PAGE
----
Some critics have recently called it ironic that Donald Trump calls for extreme vetting when it comes to letting people into the United States, but he hasn’t necessarily thoroughly examined who he brings onto his staff.
Two examples of Trump’s leniency with whom he lets on his campaign staff are with Paul Manafort and Stephen K. Bannon.
Manafort, who recently resigned from his post as Trump’s campaign manager, took payments from pro-Russian Ukrainian leaders. Bannon, who is Trump’s newly hired campaign leader, has run into controversy over domestic violence charges pressed against him in the 90s.
Trump’s hires have brought up questions about his judgment and management skills, particularly because he has tried to sell himself on his business acumen and ability to form the best team around himself.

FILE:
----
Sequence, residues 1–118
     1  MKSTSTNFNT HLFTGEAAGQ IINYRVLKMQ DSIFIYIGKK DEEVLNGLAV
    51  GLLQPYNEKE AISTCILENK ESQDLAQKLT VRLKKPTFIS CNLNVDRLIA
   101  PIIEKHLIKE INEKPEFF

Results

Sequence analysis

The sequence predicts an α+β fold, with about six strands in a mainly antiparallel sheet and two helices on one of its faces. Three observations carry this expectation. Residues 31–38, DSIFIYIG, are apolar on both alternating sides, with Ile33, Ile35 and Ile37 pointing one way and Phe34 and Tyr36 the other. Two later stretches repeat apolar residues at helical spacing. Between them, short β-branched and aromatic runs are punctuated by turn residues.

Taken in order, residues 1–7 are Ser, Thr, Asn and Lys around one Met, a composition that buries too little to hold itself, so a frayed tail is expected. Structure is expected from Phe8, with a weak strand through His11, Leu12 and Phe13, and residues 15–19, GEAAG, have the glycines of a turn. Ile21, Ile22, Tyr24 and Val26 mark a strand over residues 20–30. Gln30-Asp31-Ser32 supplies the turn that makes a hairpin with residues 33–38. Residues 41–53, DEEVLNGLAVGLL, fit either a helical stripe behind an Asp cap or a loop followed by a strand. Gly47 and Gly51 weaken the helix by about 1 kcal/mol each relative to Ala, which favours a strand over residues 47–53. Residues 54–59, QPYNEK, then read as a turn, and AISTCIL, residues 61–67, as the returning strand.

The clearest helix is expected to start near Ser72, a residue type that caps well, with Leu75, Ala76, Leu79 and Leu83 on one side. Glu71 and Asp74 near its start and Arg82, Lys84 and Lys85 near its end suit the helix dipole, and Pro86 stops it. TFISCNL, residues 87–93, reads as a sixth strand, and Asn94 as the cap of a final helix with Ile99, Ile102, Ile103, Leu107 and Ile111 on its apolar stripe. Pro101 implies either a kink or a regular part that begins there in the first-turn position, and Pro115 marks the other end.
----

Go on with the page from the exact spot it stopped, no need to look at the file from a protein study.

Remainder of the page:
Charges against Bannon were dropped. It had been alleged that he grabbed his wife by the neck and wrist during a fight, and that he threatened her to not make the incident public.
Manafort was found to have accepted a $12.7 million bribe of sorts, which made it so Trump had to dismiss him from his position of influence.
Just this past Thursday, Trump hired Bill Stepien, a political strategist who has also had his own share of controversy in the past.
Corey Lewandowski, Manafort’s predecessor, also had somewhat of a checkered past.
This has led many to speculate that Trump hires on instinct, as opposed to experience or looking at resumes.
This style perhaps came most into view when Trump chose a woman from the crowd during a March speech and offered her a job.
Trump’s methods are a departure from most presidential candidates, who usually do extensive background checks on staffers.